Watch this webinar on "Employment Expectations and Resources" for people with disabilities, by Judith Gross, Ph.D., an assistant research professor at the Beach Center on Disability at the University of Kansas.
Employment and autism
What happens to your career when you or your child has autism? Find out what research says about the effect of autism on job histories – and how some parents and adults with ASD have responded to the challenge.
Cheryl Hammond has been expecting this day for years. Her son, Kyle, on the verge of his 22nd birthday, will graduate from high school in June and enter the world of disability services for adults with autism. What will he and thousands of others face as they transition to adulthood?
Regardless of where a student falls on the autism spectrum, whether he was valedictorian or left high school without a diploma, there is a college program for him. But it will take a little research to find the right fit. Here are some resources and tips that can help.
The road to adulthood officially begins for many teens when they graduate. But for people with autism, leaving high school is a more monumental step, one that will transform their relationship to services and supports.
The videos, below, feature parents, researchers, and clinicians talking about topics such as wandering, early intervention, adaptive skills, and the importance of autism research and family partici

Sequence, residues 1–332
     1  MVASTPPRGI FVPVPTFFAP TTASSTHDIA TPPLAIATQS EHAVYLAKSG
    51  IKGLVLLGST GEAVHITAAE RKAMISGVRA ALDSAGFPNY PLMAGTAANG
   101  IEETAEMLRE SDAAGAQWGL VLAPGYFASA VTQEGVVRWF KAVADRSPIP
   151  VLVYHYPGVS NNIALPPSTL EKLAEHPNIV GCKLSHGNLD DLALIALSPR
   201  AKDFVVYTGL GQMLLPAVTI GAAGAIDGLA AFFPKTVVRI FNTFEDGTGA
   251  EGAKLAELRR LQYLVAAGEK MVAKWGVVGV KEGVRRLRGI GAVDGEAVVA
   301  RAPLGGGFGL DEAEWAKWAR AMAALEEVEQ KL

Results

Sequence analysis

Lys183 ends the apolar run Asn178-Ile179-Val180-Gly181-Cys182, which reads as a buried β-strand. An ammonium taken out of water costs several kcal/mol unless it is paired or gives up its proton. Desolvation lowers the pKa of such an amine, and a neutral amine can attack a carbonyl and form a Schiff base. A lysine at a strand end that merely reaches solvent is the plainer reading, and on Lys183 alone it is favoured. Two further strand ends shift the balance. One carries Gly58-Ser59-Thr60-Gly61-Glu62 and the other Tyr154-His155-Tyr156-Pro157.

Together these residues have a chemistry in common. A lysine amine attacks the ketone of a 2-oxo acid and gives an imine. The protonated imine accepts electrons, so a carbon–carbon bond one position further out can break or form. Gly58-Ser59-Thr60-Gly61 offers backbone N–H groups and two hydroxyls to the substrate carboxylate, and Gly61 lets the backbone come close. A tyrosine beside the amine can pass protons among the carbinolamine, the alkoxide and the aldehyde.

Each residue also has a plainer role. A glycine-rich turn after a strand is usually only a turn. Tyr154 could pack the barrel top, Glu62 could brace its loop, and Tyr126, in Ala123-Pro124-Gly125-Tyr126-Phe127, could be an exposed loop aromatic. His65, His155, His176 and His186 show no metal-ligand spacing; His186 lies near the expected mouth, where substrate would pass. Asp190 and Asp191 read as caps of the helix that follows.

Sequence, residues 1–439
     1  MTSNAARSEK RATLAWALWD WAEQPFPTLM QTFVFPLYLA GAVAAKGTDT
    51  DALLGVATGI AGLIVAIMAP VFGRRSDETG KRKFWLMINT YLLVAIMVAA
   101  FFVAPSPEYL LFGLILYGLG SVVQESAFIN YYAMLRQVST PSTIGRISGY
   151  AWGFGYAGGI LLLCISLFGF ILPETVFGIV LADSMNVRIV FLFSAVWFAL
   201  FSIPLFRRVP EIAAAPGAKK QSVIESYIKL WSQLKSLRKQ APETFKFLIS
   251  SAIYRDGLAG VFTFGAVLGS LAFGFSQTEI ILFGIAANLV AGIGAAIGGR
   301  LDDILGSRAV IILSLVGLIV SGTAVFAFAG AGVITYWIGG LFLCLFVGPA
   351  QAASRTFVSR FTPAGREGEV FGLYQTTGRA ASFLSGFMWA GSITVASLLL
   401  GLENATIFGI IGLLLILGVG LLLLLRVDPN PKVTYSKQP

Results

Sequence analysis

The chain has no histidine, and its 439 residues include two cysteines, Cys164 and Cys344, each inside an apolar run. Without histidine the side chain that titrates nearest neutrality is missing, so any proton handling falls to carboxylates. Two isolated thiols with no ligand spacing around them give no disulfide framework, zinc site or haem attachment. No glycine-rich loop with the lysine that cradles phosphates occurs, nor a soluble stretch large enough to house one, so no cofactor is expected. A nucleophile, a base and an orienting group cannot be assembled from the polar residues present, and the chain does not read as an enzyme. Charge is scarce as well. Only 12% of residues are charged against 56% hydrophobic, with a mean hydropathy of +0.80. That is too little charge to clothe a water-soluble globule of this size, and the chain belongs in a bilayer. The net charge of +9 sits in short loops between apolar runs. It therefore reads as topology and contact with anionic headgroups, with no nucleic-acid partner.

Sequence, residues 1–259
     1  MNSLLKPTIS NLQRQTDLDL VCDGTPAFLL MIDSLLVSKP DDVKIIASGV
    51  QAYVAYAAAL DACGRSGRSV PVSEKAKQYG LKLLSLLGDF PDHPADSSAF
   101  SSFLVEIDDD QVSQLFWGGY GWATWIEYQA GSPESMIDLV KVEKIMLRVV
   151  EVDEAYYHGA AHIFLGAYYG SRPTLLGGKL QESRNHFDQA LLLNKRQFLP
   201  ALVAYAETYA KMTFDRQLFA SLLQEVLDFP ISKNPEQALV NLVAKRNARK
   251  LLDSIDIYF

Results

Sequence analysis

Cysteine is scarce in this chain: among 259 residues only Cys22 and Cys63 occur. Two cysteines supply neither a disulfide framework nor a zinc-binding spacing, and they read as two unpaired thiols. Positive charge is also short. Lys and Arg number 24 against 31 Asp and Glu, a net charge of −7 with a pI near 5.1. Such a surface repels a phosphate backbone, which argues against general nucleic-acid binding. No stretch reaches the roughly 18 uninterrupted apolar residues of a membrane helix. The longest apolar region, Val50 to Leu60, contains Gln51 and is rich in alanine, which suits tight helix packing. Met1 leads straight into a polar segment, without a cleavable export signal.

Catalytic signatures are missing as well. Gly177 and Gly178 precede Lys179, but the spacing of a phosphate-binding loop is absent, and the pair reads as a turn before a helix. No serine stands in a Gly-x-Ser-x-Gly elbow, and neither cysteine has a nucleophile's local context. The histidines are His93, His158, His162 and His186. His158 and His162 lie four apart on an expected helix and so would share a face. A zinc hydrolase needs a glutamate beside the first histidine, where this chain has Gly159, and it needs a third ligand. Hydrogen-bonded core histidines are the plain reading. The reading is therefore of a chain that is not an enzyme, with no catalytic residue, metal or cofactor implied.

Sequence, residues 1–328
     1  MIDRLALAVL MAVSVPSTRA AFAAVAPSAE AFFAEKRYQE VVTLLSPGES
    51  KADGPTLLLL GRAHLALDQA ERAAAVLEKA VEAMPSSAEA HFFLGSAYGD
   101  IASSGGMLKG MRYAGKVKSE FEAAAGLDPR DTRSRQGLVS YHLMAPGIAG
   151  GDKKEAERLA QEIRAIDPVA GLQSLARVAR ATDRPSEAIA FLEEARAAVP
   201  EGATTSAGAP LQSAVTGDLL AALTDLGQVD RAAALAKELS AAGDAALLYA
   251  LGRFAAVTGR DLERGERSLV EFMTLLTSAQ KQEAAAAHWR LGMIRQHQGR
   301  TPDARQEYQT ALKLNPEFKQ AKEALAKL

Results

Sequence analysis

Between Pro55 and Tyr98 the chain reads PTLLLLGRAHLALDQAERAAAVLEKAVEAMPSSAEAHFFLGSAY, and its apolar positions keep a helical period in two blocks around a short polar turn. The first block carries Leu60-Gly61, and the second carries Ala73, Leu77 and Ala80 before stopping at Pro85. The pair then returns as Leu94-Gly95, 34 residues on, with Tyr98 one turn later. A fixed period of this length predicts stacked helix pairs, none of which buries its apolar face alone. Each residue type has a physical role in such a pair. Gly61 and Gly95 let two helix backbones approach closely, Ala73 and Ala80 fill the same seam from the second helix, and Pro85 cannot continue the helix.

Despite the challenges of finding and sustaining employment, transition services and better workplace supports are opening up more job opportunities for those on the spectrum. Advocates also urge individuals to prepare for careers right from high school, and train for the job interview process. Once on the job, some organizations are being more considerate to needs of individuals with ASD by offering visual instructions and the option of working in an environment that is suitable to their sensory preferences, among other measures.
Date First Published: May 27, 2009
Today's 20-somethings with autism often feel like strangers among their own species when they leave the legal protections afforded schoolchildren to enter the adult world of limited support services, long waiting lists, and scant funding. Those who become accomplished sometimes look back on their experiences to reflect on their sense of alienation in a society that doesn't look favorably on those who don't blend in easily. Find out what the researchers have learned about the transition.